The Snoqualmie Indian Tribe has purchased thousands of acres of ancestral forestlands in East King County, land that holds special meaning to the people who have been without a reservation for generations.

“This means a whole new level of connection,” Jaime Martin, a tribal member and executive director of governmental affairs, told KUOW.

THANKS TO OUR SPONSOR:

They have named the land the Snoqualmie Tribe Ancestral Forest.

“The land is is not just a place, it’s connected to us as people,” Martin said. “And so I think including our ancestors in that title is really critical and important, and speaks to the tribes values in this transaction.”

At the end of 2021, the Snoqualmie Indian Tribe closed on the sale of 12,000 acres (4,856 hectares) of land in East King County. The purchase concludes a decades-long effort to reclaim ownership in an area that’s enormously important to the Tribe. The property holds environmental, economic, and historic value.

“For perspective, when I was 12, was when the tribe was re-recognized,” Martin said. “And at the time, the Tribe could not own land. We didn’t own land. We operated out of spaces that we could rent or that were donated to us.”

THANKS TO OUR SPONSOR:

The land purchase is so “monumental” that Martin finds it difficult to fully express what this moment means to her and the Snoqualmie. From her ancestors to the Tribe’s elders, a lot of work has gone into this effort. The product of that work is that, within one generation, the Snoqualmie Tribe went from not owning any land to overseeing 12,000 acres in their ancestral territory.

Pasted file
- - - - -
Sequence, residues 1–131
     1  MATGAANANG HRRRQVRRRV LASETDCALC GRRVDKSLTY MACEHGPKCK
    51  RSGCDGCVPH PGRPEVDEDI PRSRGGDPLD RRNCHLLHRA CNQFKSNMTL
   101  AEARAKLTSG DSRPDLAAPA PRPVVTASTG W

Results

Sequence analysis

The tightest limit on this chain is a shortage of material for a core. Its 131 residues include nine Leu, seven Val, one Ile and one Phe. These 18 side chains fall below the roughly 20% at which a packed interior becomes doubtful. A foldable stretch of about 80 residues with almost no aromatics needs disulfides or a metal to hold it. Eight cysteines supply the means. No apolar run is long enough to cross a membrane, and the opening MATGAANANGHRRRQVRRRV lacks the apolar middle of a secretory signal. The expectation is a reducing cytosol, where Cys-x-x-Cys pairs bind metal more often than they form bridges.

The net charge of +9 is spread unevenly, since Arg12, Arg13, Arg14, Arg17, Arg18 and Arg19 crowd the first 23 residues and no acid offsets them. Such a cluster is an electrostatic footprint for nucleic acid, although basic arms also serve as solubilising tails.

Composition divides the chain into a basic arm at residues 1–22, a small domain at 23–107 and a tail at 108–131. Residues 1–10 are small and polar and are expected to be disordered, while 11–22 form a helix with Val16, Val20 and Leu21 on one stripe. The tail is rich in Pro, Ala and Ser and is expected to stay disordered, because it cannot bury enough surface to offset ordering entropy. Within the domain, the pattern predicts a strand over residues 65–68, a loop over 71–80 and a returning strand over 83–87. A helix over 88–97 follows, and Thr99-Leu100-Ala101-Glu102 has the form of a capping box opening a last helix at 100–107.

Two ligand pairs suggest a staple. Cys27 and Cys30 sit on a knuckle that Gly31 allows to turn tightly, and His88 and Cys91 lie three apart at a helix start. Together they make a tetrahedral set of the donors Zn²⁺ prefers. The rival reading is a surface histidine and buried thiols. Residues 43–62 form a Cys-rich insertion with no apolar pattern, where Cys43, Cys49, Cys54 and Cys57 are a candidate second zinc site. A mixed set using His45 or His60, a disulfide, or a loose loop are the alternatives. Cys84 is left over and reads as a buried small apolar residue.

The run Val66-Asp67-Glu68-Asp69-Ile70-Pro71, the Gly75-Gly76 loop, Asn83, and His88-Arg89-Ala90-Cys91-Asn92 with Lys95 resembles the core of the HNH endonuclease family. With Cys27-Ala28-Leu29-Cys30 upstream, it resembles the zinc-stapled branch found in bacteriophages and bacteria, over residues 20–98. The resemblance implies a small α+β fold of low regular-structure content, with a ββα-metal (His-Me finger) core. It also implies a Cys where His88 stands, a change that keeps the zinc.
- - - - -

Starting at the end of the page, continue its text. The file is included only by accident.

A large waterfall in a forest flows heavily on a cloudy winter day.

Water from heavy rains pours over Snoqualmie Falls, Monday, Dec. 13, 2010, near Snoqualmie, Wash. The waterfall is a sacred site for the Snoqualmie Indian Tribe.

Ted S. Warren / AP

Martin notes that much of the Snoqualmie’s historic territory is highly used for outdoor recreation. One of its most sacred sites, the Snoqualmie Falls, is a popular tourist destination. With the newly acquired land, the Tribe has hope that it will provide healing for its members.

“Having this space for future tribal members, but also current tribal members, to be able to have the space to connect with this land, and the plants and the animals is just going to be very healing for us,” Martin said.

“The reason that this location is so special to the Tribe is that it’s very close to property that was originally promised to the Tribe by the U.S. government in the 1930s, for our original reservation,” she said. “And despite them never having delivered on that promise, through resiliency, we have claimed that land, and repurchased that land, now in 2022.”

The land has been used as an industrial timber site in past years. The Snoqualmie Tribe already has plans for how they will manage and work the new property.

“The Tribe’s plan is to care and steward the land in a way that makes our ancestors proud and future generations proud,” Martin said. “Through sustainable harvesting, we’re going to be generating the revenue necessary to fund the work required to steward the land in a way that really supports the diversity of native plants and the characters the wildlife populations that are there, which include a few endangered species.”

Correction: An earlier version of this story incorrectly the news organization where it originated. This story has been updated to correct the attribution to KUOW.

THANKS TO OUR SPONSOR:
THANKS TO OUR SPONSOR:

Related Stories

Timber company returns waterfront Washington property to tribe

A family-owned company with timber operations in the U.S. and New Zealand called Port Blakely Companies has returned waterfront property and tidelands on Little Skookum Inlet in Washington's Mason County to the Squaxin Island Tribe, at no cost.